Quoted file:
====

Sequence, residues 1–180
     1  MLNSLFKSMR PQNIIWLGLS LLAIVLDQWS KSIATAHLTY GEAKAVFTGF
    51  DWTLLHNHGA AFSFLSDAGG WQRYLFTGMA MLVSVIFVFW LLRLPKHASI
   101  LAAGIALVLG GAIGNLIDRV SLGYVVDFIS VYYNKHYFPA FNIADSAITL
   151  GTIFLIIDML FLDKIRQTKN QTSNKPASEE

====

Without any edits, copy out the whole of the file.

Sequence, residues 1–180
     1  MLNSLFKSMR PQNIIWLGLS LLAIVLDQWS KSIATAHLTY GEAKAVFTGF
    51  DWTLLHNHGA AFSFLSDAGG WQRYLFTGMA MLVSVIFVFW LLRLPKHASI
   101  LAAGIALVLG GAIGNLIDRV SLGYVVDFIS VYYNKHYFPA FNIADSAITL
   151  GTIFLIIDML FLDKIRQTKN QTSNKPASEE